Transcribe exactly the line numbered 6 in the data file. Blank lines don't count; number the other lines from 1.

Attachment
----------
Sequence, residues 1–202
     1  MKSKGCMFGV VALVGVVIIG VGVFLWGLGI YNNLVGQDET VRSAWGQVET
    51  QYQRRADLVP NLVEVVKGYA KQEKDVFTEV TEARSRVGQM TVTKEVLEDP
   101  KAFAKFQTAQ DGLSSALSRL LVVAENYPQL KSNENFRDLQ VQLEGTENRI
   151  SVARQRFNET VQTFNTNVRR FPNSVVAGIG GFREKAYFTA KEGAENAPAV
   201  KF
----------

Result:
   201  KF